One of the pleasures of winter birding is the search for wintering waterfowl. Ducks that have bred in wetlands at more northerly latitudes fly south to swim and forage in ponds and lakes that are not covered with ice. In this relatively mild winter, local lakes lost their ice cover in mid-February, much earlier than usual. A friend who lives on a bay of Baker’s Lake told me that common mergansers (Mergus merganser) moved in almost immediately.
Despite its moniker, the common merganser is hardly common, either in appearance or in numbers. The male is a large and visually striking duck with bold black and gleaming white plumage that makes it easy to identify in flight, along with its very straight, pointed-at-both-ends profile. Its head actually is covered in dark green feathers but they look black – or at least very dark – from a distance.
The female looks quite different. Similar in size, she has cinnamon-red head feathers that protrude in a shaggy crest on the back of her head. She lacks the black and white contrast feathers of her mate, sporting instead a back of gray plumage, and white wingbars and chest.
The beak of both sexes is carmen red, and long, thin, and sharp, suited for catching the fish and other freshwater creatures mergansers relish. As diving ducks or “fish ducks” as they’re sometimes called – as opposed to surface-feeding ones – mergansers spend a lot of time underwater. So many times I’ve pointed one out to others, only to have it instantly disappear from sight to pursue an underwater snack. The name “merganser” translates roughly from Latin as “plunging goose.” In fact, another nickname for the species is “goosander.”
At different times we host three types of mergansers in the Barrington area: common, red-breasted, and hooded. The common is the largest but least abundant locally. To see one, you need to visit an open body of water sometime between November and March. Common mergansers are one of the last ducks to arrive in the fall and one of the first to leave in late winter or early spring. They are apt to appear at any lake that hosts fish for them to consume. Some local favorites are Baker’s Lake, Honey Lake, Hawley Lake, Lake Barrington – and, if you happen to travel to the city, Lake Michigan. There is time still left to find common mergansers nearby before they take off for their breeding grounds, not to return until late next fall.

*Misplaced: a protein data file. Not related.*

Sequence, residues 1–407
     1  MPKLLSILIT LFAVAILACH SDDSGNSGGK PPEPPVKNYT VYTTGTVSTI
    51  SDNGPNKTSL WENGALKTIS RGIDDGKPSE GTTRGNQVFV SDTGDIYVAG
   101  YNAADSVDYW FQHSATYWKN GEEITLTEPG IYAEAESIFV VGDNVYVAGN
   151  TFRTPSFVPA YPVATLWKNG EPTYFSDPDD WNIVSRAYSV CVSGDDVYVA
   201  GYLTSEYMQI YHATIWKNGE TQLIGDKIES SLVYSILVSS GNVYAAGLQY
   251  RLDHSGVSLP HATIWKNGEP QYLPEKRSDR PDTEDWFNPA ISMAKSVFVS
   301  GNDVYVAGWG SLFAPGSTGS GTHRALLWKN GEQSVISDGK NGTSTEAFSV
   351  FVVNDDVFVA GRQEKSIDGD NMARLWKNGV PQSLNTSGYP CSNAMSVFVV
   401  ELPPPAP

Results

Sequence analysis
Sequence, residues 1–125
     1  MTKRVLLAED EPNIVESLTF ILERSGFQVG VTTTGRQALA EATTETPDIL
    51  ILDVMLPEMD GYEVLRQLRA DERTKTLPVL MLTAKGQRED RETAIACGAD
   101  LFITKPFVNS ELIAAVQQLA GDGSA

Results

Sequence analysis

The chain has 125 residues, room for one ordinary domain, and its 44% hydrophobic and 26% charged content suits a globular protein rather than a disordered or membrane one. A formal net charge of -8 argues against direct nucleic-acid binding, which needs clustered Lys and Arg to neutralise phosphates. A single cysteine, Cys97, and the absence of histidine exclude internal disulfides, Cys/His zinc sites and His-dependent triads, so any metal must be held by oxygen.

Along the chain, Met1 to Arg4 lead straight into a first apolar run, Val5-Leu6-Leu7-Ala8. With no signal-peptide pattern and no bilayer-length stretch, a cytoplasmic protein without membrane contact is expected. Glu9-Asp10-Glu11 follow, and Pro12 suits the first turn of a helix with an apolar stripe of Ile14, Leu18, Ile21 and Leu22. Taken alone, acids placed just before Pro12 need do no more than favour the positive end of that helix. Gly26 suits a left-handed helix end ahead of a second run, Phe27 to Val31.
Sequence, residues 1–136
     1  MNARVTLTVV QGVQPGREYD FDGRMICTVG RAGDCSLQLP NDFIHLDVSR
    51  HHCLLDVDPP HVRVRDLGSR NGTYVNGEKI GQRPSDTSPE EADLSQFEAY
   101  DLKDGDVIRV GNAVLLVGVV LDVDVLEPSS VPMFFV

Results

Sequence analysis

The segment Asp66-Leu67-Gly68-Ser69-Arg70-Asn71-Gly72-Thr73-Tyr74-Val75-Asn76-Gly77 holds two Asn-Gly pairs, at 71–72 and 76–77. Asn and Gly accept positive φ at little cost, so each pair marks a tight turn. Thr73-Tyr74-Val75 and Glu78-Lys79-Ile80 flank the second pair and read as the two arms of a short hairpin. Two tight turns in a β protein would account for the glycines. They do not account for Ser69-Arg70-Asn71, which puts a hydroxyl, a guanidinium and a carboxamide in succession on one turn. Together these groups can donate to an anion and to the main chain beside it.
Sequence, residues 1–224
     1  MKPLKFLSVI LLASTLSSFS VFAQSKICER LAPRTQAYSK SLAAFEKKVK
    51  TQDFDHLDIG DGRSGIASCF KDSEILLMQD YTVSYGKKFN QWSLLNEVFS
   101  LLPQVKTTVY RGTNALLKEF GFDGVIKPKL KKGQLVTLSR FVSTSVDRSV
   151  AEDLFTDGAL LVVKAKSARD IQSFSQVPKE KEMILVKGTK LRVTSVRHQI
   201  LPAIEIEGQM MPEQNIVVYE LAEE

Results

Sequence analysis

Barrington area naturalist and the author of our Birds of Barrington series here at 365Barrington.com, Wendy Paulson welcomes you to join her for this new season of walks. Cosponsored by Audubon Chicago Region and Citizens for Conservation, the walks are free and open to the public, though spaces are limited and RSVPs are required. Waterproof boots are strongly recommended for these hikes and don’t forget your binoculars!
April 7, 8 a.m.
Beese Park (Meet at Beese Park, east end of Cornell Avenue)
April 21, 8 a.m.
Beese Park (as above)
May 5, 7:30 a.m.
Baker’s Lake (parking lot on Highland Ave. south of Hillside Ave.)
May 12, 7:30 a.m.
Camp Reinberg (entrance on east side of Quentin between Dundee & Lake Cook Rd.)
May 19, 7:30 a.m.
Beverly Lake* (parking lot on north side of Higgins Rd/Rt. 72, east of Rt. 25, west of Beverly Road)
May 24, 7:30 a.m.
Penny Road South* (meet at Penny Road Pond parking lot, less than a mile west of Old Sutton/Penny Rd intersection)
June 2, 7:00 a.m.
Headwaters* (parking lot on Wichman Rd. off north side of Rt. 72; ½ mile west of Rt. 59)
June 9, 7:00 a.m.
Galloping Hill* (meet at Penny Road Pond parking lot, less than a mile west of Old Sutton/Penny Rd intersection)
June 18, 5:00 p.m.
Galloping Hill* (as above)
*indicates a more strenuous hike
Please RSVP to: Daniel Jacobson (312) 453-0230, Extension 2002 or email@example.com and let us know how best to contact you should that be necessary. Before you head out, please be sure to check the Citizens for Conservation website (CitizensForConservation.org) for any last minute changes or cancellations.
About the Author
Wendy Paulson has lived in Barrington Hills since 1975, and has led bird walks in the area for many years. She re-established the Nature Lady program in the Barrington 220 school district and St. Anne’s in the late 70s, under the auspices of The Garden Club and Little Garden Club of Barrington. Wendy developed the education program for Citizens for Conservation, initiated and edited its newsletter, and has been an active volunteer with CFC for over 30 years.
During interludes in New York City and Washington, DC, Wendy taught classes about birds in the public schools and is helping to develop a similar program in Chicago public schools with Openlands. She is chairman of The Bobolink Foundation, serves on the board or advisory committee of multiple conservation and bird-related organizations, both domestic and international, and is former chairman of IL and NY chapters of The Nature Conservancy. Wendy and her husband Hank have two grown children and are avid hikers, cyclists, and kayakers.